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  • Critical multiculturalism: The challenge of multiculturalism within a New Zealand bicultural context - A Chinese perspective

    Chan, Angel (2009)

    Journal article
    Unitec

    For decades, notions of multiculturalism have been embraced by many countries in order to acknowledge and include diverse cultures and ethnicities. It has been assumed that the learning needs and rights of ethnic minority children will be catered for by implementing multicultural education. This article argues that multiculturalism cannot address the complexities of ethnicity,culture and identity,instead it perpetuates stereoptypical views of ethnic groups and fails to bring about social equity. New Zealand’s social and political landscape, its national early childhood curriculum and strategic plans, have further contributed to the difficulty of implementing succesful multiculturaism within New Zealand and its early childhood education provision. Being the cultural ‘other’, Chinese traditional and conventional macro beliefs can be applied to counter dominant discourses and practices within New Zealand early childhood settings. This article argues for critical multiculturalism to address the inequity between ethnicities that multiculturalism perpetuates.

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  • Styloid crystals in the genus Libertia (Iridaceae)

    Blanchon, Dan; Braggins, J.E (2009)

    Journal article
    Unitec

    Styloid crystals are reported in the leaves of the New Zealand species Libertia cranwelliae, L. edgariae, L. grandiflora, L. ixioides, L. micrantha, L. mooreae, L. peregrinans, the Australian species L. paniculata and L. pulchella, and the South American species L. chilensis and L. sessiliflora. Styloid crystals appear to be absent from rhizomes examined in this study, except those of L. micrantha. The presence of styloids in L. micrantha and L. pulchella supports the retention of these species in Libertia rather than Sisyrinchium.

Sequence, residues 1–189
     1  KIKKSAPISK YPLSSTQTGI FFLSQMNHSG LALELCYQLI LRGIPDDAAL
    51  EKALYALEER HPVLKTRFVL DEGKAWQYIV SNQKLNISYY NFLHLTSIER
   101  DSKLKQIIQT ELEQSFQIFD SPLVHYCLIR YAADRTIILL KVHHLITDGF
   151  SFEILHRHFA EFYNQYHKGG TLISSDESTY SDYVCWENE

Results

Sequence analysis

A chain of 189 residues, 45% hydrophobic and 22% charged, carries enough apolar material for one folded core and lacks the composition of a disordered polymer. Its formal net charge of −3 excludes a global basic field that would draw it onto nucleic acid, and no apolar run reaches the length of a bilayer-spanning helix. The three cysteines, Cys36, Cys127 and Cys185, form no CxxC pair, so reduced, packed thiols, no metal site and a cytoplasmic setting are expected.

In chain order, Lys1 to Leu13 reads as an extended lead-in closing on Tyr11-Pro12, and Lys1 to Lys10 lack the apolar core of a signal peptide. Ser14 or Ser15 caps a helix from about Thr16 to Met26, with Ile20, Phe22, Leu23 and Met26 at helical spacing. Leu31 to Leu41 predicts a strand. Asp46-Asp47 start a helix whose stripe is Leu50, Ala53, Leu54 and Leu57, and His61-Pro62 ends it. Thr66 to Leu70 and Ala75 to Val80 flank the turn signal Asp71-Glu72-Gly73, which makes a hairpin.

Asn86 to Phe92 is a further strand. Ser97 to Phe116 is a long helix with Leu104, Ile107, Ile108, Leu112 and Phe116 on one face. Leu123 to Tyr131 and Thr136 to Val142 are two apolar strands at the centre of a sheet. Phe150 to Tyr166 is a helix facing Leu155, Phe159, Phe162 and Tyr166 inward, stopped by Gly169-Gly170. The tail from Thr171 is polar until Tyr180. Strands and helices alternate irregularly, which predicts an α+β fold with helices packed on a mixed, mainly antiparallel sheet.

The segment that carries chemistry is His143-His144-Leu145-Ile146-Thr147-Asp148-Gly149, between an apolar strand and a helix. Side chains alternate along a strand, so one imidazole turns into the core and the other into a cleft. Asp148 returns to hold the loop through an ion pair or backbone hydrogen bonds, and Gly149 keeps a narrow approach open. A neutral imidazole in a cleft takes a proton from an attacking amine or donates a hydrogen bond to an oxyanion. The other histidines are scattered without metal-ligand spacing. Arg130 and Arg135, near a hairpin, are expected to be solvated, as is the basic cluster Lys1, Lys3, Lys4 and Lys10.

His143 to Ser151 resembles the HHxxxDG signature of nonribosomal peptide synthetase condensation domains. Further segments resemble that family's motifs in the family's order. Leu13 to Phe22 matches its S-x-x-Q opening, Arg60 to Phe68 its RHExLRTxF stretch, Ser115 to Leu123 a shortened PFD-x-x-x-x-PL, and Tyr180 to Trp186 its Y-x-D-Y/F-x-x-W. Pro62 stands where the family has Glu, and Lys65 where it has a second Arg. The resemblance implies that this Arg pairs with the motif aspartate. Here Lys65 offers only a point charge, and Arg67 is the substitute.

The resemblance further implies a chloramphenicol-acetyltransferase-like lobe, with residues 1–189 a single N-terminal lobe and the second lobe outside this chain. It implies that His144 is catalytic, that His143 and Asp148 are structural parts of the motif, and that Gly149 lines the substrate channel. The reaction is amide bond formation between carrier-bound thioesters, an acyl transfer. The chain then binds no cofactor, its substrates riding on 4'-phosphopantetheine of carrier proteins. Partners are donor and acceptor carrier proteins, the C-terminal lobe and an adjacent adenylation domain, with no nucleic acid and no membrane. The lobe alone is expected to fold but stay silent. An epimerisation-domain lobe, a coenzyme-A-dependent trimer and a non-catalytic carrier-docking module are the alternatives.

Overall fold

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  • Libertia flaccidifolia (lridaceae), a new species from Mt Tamahunga

    Blanchon, Dan; Weaver, J. S. (2009)

    Journal article
    Unitec

    A new species of Libertia, L. flaccidifolia, is described from Mt Tamahunga, Northland, New Zealand. Libertia flaccidifolia is similar to L. grandiflora but differs from that species in that it possesses broad, flaccid leaves, with strongly scabrid margins, fully dehiscing capsules, yellow-orange seeds, and a dodecaploid chromosome number. Libertia flaccidifolia is an extremely uncommon species that has declined in abundance following human-induced disturbance. Using the New Zealand Threat Classification System, we recommend a conservation status of Threatened/Nationally Critical qualified OL (One Location), RR (Range Restricted), RF (Recruitment Failure). A revised key to species found in New Zealand is included.

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  • Hand and Face Tracking for Gesture Recognition

    Dadgostar, F; Sarrafzadeh, Hossein (2009)

    Journal article
    Unitec

    "This paper presents research leading to the development of a vision-based gesture recognition system. The system comprises of three abstracts layers each with their own specific type and requirements of data ..."